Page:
In the aftermath, Sabatini filed a defamation lawsuit against the Whitehead Institute, its director, and the woman with whom he had had the relationship (who is not being named by The Scientist because she is the alleged victim of sexual misconduct). The woman, in turn, filed a countersuit claiming that Sabatini had fostered a highly sexualized environment in his lab and that he otherwise crossed professional boundaries, culminating in him periodically pressuring her for sex between 2018 and 2020. Sabatini asserts that the relationship was consensual and that the woman retaliated after he ended it. Both suits are currently pending, as are independent filings by Sabatini compelling Hinkley Allen & Snyder to release documents pertaining to its investigation.
Responding to questions sent via email by The Scientist to a public relations firm retained by his lawyers, Sabatini reiterated his claims of innocence and acknowledged the NYU community’s discomfort. “I understand how upset many in the NYU community who have not heard all of the facts are about the possibility that I might join the faculty there. . . . I only want a fair assessment of the facts of the situation and to get back to work.”
A place for Sabatini at NYU?
Shortly after the Science piece ran this week, NYU Langone—the campus that houses the Grossman School of Medicine—released several statements defending the decision to consider Sabatini, stating that a “group of stakeholders” was “reviewing all of the evidence, including information that has not previously been presented publicly and has not been reported in [media] coverage.” Asked by The Scientist what types of new information were being considered and who was involved in assessing it, NYU Grossman School of Medicine spokesperson Lisa Griener says that “for many weeks we have been hearing from dozens of Dr. Sabatini’s peers and colleagues who each describe an independent, first-hand view that is starkly at odds with the investigation and its outcome.” She also specified that the stakeholders included a “diverse group of leaders, women and men alike, from several key departments.”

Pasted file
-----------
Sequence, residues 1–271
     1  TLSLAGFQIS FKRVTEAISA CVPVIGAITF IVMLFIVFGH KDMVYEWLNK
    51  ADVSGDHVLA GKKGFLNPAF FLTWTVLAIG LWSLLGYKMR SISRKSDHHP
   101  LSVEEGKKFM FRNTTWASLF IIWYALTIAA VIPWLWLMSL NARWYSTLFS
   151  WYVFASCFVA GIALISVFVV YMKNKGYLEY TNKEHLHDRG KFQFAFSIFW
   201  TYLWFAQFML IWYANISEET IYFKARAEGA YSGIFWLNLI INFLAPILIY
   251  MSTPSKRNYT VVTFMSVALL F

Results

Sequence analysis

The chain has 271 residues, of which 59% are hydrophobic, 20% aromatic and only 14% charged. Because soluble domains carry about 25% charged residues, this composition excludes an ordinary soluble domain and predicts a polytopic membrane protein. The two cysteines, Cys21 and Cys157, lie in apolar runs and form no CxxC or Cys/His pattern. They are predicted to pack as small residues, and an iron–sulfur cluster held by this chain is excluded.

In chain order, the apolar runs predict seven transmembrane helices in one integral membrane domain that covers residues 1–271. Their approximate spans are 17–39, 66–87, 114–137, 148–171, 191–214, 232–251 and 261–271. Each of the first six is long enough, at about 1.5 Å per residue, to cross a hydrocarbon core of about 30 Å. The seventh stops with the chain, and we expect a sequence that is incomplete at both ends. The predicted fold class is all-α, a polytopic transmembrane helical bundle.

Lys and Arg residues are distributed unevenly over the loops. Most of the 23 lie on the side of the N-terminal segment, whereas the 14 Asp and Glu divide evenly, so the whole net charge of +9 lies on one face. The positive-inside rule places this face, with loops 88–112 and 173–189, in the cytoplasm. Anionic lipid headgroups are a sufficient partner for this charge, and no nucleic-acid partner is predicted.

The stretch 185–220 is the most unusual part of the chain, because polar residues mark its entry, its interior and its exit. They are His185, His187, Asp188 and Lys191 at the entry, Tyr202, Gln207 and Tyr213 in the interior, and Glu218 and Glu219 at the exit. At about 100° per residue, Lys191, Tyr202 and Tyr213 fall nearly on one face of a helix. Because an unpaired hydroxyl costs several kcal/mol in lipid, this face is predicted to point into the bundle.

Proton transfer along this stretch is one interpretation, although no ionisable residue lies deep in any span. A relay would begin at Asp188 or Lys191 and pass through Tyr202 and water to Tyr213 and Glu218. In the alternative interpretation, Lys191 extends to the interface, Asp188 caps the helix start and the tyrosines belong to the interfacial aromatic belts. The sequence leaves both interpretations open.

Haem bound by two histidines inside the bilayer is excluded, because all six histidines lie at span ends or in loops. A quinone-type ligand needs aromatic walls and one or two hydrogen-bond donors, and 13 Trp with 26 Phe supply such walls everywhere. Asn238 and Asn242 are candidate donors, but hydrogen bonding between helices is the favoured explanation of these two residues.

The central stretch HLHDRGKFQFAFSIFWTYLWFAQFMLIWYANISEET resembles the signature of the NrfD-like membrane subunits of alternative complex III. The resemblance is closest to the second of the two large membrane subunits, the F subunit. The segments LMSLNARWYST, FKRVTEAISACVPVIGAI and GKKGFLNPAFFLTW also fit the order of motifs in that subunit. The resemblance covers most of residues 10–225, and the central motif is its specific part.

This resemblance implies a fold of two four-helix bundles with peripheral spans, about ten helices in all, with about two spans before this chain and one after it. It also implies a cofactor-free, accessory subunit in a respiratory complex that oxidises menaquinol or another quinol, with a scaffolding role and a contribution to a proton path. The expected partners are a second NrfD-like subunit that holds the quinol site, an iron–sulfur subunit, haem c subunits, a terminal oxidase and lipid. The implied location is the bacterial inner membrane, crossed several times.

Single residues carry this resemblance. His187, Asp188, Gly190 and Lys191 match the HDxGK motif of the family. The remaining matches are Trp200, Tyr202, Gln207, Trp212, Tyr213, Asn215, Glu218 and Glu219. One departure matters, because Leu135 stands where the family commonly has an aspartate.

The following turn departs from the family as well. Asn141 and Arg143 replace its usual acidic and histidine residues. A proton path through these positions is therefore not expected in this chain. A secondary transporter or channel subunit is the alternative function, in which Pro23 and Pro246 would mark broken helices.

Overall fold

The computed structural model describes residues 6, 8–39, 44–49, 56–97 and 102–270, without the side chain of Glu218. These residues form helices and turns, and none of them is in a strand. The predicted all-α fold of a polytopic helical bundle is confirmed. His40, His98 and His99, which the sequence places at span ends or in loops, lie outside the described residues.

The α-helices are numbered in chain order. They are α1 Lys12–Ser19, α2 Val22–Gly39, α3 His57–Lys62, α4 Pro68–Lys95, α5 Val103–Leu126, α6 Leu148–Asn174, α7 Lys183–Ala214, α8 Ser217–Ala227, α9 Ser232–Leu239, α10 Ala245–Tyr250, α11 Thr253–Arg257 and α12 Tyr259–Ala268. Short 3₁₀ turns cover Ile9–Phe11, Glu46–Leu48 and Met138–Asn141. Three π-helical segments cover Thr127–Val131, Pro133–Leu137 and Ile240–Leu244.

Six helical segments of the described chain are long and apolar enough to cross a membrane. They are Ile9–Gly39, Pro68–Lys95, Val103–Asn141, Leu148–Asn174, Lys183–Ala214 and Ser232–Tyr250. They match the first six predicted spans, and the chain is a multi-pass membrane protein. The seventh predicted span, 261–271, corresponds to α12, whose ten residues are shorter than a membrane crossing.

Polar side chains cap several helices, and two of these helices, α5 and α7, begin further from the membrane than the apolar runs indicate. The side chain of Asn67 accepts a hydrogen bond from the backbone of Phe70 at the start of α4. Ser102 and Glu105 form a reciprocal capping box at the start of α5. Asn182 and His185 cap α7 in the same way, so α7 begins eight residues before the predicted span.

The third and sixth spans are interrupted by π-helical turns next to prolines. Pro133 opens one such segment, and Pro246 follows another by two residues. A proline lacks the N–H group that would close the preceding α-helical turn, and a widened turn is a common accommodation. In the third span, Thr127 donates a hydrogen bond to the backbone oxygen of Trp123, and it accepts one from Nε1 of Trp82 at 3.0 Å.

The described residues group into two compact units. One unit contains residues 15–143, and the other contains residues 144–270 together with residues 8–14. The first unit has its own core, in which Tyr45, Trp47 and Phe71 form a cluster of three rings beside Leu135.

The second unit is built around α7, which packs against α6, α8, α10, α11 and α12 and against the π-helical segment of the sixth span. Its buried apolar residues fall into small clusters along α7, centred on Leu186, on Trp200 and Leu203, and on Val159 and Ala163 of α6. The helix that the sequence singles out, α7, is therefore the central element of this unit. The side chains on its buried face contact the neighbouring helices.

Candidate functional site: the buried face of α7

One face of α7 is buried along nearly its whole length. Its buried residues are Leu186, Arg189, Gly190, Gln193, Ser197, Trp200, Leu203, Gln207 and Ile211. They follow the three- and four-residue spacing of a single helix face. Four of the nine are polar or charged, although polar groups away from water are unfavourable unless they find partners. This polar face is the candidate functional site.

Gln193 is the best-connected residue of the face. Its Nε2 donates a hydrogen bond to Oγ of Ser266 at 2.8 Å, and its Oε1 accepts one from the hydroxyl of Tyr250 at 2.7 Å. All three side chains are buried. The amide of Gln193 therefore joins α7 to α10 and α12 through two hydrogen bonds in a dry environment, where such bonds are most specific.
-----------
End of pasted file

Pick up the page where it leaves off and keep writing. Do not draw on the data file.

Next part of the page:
Sabatini’s father, David D. Sabatini, is an emeritus professor of cell biology at Grossman but has not commented publicly regarding his son’s potential appointment. Multiple outlets have reported that Sabatini does have some support, including from NYU medical school dean and CEO Robert Grossman, Executive Vice President and Vice Dean for Science Dafna Bar-Sagi, and some alumni from Sabatini’s lab at Whitehead. In addition, billionaire philanthropist Bill Ackman, who oversees the distribution of lucrative early-career research awards through the Pershing Square Foundation, recently defended Sabatini during a foundation dinner, according to Science.
In screenshots of an email sent by Grossman and Bar-Sagi to colleagues that was shared on Twitter, the two stated that “we are aware of an upcoming Science story, and while we provided that publication with a brief statement, we also gather that the story may contain a number of inaccuracies.” In a monthly email sent by Grossman to members of the medical school on April 21, which he titled “Civility Rules,” he decried so-called “cancel culture” without naming Sabatini. Speaking to The New York Times, Bar-Sagi also cast doubt on the conclusions of the Whitehead investigation, saying that “we are looking closely at Dr. Sabatini’s case because it is clear that many aspects of his departure from M.I.T. and the Whitehead Institute were never publicly scrutinized. Moreover, dozens of Dr. Sabatini’s peers and colleagues have shared with us views that are at odds with the investigation and its outcome.”
The April 27 walkout
But among staff and students at NYU and beyond, the reaction has been swift. Hundreds of people attended a walkout on April 27, while others have signed a handful of open letters criticizing the decision. In one letter, signed by more than 110 people, scientists agreed to cease giving or attending talks and events hosted by NYU Langone, to avoid teaching classes there, and to stop collaborating with Langone researchers. Another, signed by self-identified alumni from around the world and asking the administration to “rescind any offers to hire Dr. Sabatini and, instead, devote themselves to efforts that protect and empower trainees at NYU,” has so far garnered more than 550 signatures.